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Conifers/Leyland Cypress Tree Problems


Leyland Cypress trees to close to house
Leyland Cypress trees  

Leyland Cypress trees to close to house
Leyland Cypress trees  
My neighbor planted Leyland Cypress trees between our houses 10yrs ago. The trees are about 30 feet tall. The tree trunk is about 6 feet from the neighbors house (the branches are on the neighbors house) and about 10 feet from my house. There is not a lot of space between the houses. Can you tell me if the root system will damage my house foundation? My house was built in December 2000, by a reputable builder (Ryland Homes). I have a 2 story 4-sided brick house on a concrete slab. Will the roots damage my patio which is also about 10 feet from the tree trunk? I have noticed that when it rains water pools near the trees because there is no grass due to the trees blocking the sun in that area. The soil seems to be eroding. What problems will the standing water and soil erosion cause? Do the trees cause any other potential risk for my property? The trees are planted too close together. The branches are crowded between the trees. Any information you can provide is greatly appreciated.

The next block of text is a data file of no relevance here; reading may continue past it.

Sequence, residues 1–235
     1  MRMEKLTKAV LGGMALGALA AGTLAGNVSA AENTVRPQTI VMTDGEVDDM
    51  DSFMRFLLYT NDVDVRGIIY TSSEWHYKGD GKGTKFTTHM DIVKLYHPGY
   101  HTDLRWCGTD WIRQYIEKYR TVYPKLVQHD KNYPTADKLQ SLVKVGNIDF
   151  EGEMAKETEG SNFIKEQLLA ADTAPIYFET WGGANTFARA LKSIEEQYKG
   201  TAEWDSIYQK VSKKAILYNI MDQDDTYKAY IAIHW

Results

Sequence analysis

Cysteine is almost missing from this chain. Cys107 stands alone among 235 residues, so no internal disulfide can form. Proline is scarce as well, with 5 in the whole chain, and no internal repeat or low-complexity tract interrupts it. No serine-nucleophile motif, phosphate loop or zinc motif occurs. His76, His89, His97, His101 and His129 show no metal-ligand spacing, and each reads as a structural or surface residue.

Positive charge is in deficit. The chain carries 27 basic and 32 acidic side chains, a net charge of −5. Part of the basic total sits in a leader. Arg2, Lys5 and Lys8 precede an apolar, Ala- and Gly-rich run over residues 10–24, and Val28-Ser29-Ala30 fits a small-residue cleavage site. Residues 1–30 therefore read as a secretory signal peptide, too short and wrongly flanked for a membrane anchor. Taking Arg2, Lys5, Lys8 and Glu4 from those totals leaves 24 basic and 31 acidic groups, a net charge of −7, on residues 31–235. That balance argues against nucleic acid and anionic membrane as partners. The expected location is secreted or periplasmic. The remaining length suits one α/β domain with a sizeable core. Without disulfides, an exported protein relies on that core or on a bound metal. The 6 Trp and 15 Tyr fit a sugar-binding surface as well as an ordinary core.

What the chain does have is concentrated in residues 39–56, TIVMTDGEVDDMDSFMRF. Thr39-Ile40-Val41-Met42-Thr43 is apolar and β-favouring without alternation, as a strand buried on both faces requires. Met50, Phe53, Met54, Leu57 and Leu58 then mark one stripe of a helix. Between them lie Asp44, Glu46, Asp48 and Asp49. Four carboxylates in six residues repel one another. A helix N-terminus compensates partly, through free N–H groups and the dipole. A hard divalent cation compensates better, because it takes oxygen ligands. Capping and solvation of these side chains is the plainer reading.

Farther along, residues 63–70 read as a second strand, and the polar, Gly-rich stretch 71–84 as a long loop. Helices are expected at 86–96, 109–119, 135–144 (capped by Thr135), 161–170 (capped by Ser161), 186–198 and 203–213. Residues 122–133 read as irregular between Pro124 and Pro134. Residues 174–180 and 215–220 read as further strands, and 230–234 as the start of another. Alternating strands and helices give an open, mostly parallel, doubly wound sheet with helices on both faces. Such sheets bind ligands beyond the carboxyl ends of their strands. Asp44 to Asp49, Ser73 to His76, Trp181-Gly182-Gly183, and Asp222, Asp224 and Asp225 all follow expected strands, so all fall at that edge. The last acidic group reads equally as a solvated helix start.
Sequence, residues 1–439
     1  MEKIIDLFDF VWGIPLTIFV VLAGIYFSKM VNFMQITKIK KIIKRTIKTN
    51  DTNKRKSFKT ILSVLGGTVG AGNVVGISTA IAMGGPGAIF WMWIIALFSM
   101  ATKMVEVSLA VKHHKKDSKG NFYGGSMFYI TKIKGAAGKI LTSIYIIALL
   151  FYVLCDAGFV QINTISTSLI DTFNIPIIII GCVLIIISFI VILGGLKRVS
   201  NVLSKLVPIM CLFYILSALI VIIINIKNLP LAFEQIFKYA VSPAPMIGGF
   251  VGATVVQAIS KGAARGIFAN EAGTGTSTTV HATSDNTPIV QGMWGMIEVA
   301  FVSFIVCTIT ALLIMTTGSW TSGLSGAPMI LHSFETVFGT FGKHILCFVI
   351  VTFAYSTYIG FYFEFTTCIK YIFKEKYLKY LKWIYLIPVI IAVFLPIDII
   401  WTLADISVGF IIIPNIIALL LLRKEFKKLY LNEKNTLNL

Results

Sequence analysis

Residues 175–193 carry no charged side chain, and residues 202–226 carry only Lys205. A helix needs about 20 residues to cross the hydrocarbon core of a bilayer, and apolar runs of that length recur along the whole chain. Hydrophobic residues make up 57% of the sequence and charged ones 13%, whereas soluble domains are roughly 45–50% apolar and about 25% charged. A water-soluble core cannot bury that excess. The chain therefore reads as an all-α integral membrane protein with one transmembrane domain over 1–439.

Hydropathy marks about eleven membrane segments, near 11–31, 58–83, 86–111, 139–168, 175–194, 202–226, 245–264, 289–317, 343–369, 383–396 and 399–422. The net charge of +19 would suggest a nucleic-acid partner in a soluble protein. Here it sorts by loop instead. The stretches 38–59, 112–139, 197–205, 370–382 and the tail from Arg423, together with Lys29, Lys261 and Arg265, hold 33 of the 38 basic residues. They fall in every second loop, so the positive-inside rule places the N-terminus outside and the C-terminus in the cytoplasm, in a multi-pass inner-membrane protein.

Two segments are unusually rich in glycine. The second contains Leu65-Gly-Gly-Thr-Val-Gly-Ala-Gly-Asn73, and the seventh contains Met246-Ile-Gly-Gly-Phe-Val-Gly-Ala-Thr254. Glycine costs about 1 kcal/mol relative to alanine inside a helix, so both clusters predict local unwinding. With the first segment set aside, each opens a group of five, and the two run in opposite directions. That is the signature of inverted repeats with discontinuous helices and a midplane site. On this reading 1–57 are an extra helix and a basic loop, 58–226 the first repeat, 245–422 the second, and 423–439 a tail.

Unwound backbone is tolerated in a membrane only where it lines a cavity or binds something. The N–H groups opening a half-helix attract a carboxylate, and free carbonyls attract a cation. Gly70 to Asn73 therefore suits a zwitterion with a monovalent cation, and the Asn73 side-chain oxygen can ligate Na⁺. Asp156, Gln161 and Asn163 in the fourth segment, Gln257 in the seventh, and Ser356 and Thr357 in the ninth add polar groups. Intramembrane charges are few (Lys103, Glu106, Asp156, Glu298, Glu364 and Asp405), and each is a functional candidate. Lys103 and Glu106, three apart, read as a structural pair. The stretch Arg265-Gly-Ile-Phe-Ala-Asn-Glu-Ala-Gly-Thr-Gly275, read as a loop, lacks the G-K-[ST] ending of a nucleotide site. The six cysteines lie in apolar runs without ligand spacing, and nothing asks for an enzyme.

Yes it could be a problem with the roots, not too much with the foundation but the patio could be the problem. Leyland has the reputation of causing problems near walkways and patios. Cypress trees have shallow root system and the roots will spread about 1 1/2 times the width of the branches. At maturity this may mean 20-feet. You can dig a trench along the preperty line and install a root barrier that will cause the roots to grow deeper or turn from the patio. This is too large a tree to be this close to the property line.

Here is a web link to root barriers.

You can ask your neighbor to remove the trees and if he says no then I would treat my lawn along that property line with a lawn fertilize called Weed and Feed. It contains a herbicide that will damage trees and kill the roots on your side. IF you have other trees nearby not wanting damaged do not use this product. The water pooling can be a problem since the grass is not growing well. You could put rock mulch along that area and this would help with any possible erosion and help move the water and keep it from being wet. The standing water is a good place for mosquitoes to breed also.  


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Jim Hyland


Registered Forester in the Southern US with 30 years experiance in managing pines. Expert in pine forest health from management to control of pests to ID of species.

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